Remembering Independence Regained
Fog hangs over kelp like the hangover over my dorm at dawn,
March 11, 1990, the LA Times splayed to a musicologist playing
The chord that breaks the Soviet Union’s back, impossible as that sounds…
Lithuania’s swift March sun migrates behind clouds.
A sudden snow shower soddens urchins at play
Who pause their horsing and tumbling to watch
A lean, gray-haired man, glasses, pony-tail
Spark a candle wick –
Set a whispering tongue
On a black slab.
What remains in memory’s name?
I remember a Tarkovsky scene:
A dying man tries to cross a drained, dilapidated pool:
Sheltered in his palms – a flickering flame.
Wind snuffs it out.
He goes again – it blows out – again, he begins – again –
Until it is accomplished, and he falls.
Thirteen dead on January 13, 1991
Defending the Vilnius TV Tower.
Who among us, Americans, would die for a TV tower?
And what do our toddlers understand
Of those early years? Elated or crushed:
Bones to them. Our graveyard.
A small flame.
Small Town Poetry Reading
– Varėna, Lithuania
Sunlight dribbles through dappled branches in a park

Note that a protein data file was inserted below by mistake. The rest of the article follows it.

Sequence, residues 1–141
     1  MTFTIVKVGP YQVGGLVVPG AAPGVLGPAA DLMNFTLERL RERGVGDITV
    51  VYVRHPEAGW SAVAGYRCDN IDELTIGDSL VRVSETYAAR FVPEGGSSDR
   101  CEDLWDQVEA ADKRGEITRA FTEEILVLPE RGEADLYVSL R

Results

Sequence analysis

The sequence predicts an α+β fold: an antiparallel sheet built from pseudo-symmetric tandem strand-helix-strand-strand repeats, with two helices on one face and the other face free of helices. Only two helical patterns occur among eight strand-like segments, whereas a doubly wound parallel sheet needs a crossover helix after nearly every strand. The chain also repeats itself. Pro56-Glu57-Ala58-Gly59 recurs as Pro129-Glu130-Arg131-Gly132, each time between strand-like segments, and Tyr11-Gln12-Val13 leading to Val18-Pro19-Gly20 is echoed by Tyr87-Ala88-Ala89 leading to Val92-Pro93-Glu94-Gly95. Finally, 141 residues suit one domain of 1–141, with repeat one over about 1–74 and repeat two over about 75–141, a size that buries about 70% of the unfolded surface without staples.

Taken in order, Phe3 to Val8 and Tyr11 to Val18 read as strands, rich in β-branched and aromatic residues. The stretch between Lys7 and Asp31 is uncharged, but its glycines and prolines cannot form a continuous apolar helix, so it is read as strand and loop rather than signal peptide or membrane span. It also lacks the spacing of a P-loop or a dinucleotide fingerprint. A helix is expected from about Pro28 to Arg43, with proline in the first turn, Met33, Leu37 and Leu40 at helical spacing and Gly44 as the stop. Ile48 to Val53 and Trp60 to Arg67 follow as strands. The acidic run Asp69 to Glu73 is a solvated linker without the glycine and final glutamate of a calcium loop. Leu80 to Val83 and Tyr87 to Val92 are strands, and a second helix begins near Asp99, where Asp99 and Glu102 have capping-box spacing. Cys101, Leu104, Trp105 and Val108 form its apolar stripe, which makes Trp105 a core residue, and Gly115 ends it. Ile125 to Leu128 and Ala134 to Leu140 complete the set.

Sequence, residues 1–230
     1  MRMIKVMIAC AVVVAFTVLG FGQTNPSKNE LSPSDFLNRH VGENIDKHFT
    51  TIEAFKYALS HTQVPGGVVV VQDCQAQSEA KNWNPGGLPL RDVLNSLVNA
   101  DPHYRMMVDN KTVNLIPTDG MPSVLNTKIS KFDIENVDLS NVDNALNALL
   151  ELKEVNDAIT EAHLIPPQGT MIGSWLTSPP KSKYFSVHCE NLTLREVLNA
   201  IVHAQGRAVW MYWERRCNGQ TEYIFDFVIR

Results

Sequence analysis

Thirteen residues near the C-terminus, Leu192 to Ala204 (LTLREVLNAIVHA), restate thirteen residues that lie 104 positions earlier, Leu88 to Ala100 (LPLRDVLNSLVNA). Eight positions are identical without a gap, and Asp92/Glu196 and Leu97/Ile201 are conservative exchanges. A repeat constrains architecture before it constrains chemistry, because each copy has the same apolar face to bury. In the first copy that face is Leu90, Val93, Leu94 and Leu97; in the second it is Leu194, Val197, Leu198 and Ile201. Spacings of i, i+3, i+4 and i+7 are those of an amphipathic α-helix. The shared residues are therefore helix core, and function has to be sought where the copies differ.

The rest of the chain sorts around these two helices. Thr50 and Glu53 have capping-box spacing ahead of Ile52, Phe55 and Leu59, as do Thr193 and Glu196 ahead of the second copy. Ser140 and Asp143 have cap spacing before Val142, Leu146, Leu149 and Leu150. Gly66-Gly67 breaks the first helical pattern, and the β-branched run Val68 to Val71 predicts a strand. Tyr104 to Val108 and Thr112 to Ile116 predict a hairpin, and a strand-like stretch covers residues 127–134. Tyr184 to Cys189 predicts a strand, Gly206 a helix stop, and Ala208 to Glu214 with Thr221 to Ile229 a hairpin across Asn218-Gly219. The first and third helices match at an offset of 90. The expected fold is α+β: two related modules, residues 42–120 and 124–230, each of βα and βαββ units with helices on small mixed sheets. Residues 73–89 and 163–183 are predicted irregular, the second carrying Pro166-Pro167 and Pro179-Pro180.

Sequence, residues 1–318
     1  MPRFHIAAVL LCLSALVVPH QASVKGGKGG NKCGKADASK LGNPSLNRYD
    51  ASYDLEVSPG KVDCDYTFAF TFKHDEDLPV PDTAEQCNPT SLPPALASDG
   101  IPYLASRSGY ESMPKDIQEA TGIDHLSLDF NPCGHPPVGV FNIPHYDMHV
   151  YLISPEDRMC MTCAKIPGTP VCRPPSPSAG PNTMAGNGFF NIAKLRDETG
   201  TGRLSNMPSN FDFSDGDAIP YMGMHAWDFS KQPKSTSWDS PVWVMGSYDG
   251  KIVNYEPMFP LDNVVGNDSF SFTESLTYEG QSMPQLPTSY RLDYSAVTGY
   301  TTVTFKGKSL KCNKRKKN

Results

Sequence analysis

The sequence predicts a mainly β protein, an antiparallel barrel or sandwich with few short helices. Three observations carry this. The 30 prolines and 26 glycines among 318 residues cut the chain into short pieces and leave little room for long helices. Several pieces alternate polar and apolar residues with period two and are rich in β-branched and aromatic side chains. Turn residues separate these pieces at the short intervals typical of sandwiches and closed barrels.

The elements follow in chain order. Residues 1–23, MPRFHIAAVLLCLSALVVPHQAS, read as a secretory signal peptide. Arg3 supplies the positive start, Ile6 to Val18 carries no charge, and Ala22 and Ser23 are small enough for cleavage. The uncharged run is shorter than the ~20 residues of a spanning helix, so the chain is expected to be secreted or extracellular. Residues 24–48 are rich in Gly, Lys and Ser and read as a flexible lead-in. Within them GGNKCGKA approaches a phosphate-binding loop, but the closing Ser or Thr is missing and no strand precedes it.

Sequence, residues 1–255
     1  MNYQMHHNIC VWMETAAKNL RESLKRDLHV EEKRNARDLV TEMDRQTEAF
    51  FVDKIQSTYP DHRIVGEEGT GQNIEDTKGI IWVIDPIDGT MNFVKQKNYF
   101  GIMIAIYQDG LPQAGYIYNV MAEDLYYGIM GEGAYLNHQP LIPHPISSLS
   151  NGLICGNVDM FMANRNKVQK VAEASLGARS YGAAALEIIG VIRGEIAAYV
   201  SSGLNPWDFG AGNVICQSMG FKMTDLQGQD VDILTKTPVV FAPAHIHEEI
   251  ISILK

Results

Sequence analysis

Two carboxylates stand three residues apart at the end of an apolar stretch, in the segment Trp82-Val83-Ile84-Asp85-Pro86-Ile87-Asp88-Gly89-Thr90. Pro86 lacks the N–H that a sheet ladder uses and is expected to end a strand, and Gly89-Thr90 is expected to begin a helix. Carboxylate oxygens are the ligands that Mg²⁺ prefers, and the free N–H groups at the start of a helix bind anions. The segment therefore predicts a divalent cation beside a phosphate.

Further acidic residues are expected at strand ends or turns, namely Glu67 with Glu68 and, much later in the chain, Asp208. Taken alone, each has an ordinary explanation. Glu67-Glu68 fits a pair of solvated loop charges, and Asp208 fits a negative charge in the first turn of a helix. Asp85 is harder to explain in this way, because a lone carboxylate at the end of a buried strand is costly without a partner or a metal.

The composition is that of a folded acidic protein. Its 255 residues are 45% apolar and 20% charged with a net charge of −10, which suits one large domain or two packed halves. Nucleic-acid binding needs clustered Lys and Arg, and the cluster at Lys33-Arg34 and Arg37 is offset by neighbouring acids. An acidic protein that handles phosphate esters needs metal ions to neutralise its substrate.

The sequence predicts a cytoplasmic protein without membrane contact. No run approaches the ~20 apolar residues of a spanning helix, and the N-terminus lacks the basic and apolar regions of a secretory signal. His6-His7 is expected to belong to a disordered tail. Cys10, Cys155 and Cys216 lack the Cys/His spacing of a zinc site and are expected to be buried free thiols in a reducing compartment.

on the margins of sandy paper lined with pines
harvested and regrown, like the country itself, space
re-written countless times like a draft that finally goes.
Yet, the sandy soil is not as absorbent as I had thought:
I stir spilled water with a twig. Our Elysium Fields. But,
we have no Homer to tell the world of what we fought –
how heroes came like locusts in the name of the One
to wipe out the pantheon of pagan gods, how the One
was erased by the Many and an earthly time to come…
A few of the young can still be seen listening to our verse.
Maybe they are heroes yet to be of our post-ironic age
of right makes might, setting up to tear down towers,
bastions of privileged speech, then reciting ink-stained
struggles around a bonfire in the woods, perhaps after
a day of mushroom picking, moonshine with bison grass
releasing hands from green ambivalence and lips from their
cocoons of words to fly to the one flame that’s still sure,
the breath of ancient gods making pine crowns sway.
Now, I think, our words just pool like water in their ears.
Rimas Uzgiris is a poet and translator whose work has appeared in the Paris Review, Barrow Street, Hudson Review, Poetry Review (UK) and other journals. He is author of North of Paradise (Kelsay Books), Tarp (poems translated into Lithuanian, shortlisted for Poetry Book of the Year), translator of poetry collections by Ilzė Butkutė (A Midsummer Night’s Press), Gintaras Grajauskas (Bloodaxe), Marius Burokas (Parthian), Aušra Kaziliūnaitė (Parthian), and Judita Vaičiūnaitė (Shearsman). Uzgiris holds a Ph.D. in philosophy, and an MFA in creative writing from Rutgers-Newark. Recipient of a Fulbright Grant, a NEA Translation Fellowship, he teaches at Vilnius University.